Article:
The advance in paint products has made it possible for you to paint vinyl flooring. This is a cost effective way to obtain a new floor when you cannot afford to replace the vinyl. Vinyl flooring will not readily accept paint products; this means that you will have to carefully prepare the vinyl before applying any paint products. Preparation involves sanding, deglossing the surface, priming and then cover-coating. It is important not to leave out any of these steps.
Add 1/4 cup of TSP (trisodium phosphate) to 1 gallon of water. TSP is a powdered detergent that removes grease, dirt and grime from multiple surfaces. Mop the solution over the entire floor. Use a long-handled scrub brush to push the solution into grooves or design patterns on the vinyl flooring. Rinse thoroughly with clean water. Allow the floor to dry before sanding it.
Sand the surface of the vinyl floor with 150-grit sandpaper and a drywall-sanding pole. A sanding pole has a pad connected to the end of it that you attach drywall sandpaper to. Sand the surface enough to degloss it, and to give it a slightly rough feel. Creating a rough feel to the vinyl will allow the primer and the paint to stick. Do not sand so hard that you start rolling or tearing the top layer off of the vinyl flooring.
Moisten a rag with liquid deglosser and wipe the entire floor down. The deglosser will clean up the sanding dust and remove gloss from areas the sandpaper could not get into.
Apply painter's tape to the lower portion of the baseboards and tape between the adjoining floors. Place plastic dust sheets on the adjoining floors and seal the edge down with painter's tape. The plastic will protect the adjoining floors from paint splatters off the roller pad, should you happen to roll the paint too fast.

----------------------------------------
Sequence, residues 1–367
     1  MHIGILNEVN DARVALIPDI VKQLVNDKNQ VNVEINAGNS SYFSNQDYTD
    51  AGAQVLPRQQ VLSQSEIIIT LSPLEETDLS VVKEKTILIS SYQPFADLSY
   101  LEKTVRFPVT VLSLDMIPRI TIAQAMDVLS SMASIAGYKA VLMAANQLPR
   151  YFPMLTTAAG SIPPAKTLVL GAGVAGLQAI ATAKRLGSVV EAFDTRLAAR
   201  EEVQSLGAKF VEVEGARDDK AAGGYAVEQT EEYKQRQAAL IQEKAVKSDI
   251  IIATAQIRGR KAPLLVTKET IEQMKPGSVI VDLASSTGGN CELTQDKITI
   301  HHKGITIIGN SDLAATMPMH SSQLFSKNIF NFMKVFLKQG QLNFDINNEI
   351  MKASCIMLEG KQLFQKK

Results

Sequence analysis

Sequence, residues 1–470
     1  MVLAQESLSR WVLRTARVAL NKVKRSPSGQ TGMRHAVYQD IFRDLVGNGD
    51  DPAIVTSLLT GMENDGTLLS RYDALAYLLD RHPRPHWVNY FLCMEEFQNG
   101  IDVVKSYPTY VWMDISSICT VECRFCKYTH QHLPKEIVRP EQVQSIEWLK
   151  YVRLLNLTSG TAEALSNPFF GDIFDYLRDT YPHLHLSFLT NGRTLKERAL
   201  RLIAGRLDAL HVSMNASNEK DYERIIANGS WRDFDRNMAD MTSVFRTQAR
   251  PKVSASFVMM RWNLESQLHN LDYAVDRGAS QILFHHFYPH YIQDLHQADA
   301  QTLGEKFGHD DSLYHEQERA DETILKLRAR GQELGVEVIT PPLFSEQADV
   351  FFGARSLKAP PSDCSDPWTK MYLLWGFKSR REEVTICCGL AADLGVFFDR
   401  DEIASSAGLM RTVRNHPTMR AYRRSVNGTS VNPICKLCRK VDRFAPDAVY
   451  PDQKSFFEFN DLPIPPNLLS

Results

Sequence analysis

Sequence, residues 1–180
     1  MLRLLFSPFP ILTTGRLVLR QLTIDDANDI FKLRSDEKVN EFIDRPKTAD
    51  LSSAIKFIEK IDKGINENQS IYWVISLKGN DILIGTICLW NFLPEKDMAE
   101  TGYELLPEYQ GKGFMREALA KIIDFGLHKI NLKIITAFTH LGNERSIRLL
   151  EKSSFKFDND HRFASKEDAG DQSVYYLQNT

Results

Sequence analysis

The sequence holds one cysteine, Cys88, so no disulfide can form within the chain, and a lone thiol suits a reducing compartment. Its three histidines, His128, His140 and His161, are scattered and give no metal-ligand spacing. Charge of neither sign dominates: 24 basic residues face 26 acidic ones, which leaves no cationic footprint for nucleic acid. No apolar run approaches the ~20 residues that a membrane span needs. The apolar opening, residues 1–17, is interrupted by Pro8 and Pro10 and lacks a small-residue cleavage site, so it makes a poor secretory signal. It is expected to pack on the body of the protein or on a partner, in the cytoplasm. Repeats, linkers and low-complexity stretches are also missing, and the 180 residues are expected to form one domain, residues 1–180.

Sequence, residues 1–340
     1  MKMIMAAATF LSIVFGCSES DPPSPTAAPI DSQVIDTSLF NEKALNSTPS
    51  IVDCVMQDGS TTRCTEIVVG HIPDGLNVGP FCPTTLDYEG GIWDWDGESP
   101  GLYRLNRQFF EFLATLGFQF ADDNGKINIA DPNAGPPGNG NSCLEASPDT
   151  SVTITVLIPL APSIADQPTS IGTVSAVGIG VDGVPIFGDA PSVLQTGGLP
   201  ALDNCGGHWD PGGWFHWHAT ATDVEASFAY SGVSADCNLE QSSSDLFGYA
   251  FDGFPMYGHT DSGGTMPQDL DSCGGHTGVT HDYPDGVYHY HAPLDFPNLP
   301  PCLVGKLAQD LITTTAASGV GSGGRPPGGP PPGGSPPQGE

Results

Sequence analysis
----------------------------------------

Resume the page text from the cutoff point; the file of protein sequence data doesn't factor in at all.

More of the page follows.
Prime the vinyl with a primer that also seals. Use a high quality primer designed to adhere to all surfaces. Prime around the edges of the floor with the paintbrush, and then roll on a solid even coat across the surface area. Allow the primer to dry overnight.
Cover-coat the vinyl floor with porch or garage floor paint. This type of paint is made to withstand foot traffic and will hold up better on the vinyl floor. Use the same painting technique to paint the floor as you used to prime it. Allow the paint to dry overnight and apply a second coat if needed. Let the second coat of paint dry for at least 24 hours before cover-coating the paint with a polyurethane floor sealer.
Apply a minimum of two coats of polyurethane floor sealer over the painted vinyl. The first coat must dry according to the manufacturer's directions. The polyurethane will protect the paint from peeling and scratches.
All products can be purchased at local paint stores. Wash all paint tools between coatings and reuse them for the entire job.
Do not settle for lesser quality paint products. They are not designed to adhere to vinyl and will start peeling off.
Tips and warnings
- All products can be purchased at local paint stores.
- Wash all paint tools between coatings and reuse them for the entire job.
- Do not settle for lesser quality paint products. They are not designed to adhere to vinyl and will start peeling off.
Things you need
- 1-gallon bucket
- TSP cleaning solution
- Drywall sanding pole
- 150-grit sandpaper
- Liquid deglosser
- Painter's tape
- 2 1/2-inch paintbrush
- 9-inch long 1/4-inch thick roller pad
- Roller frame
- Paint tray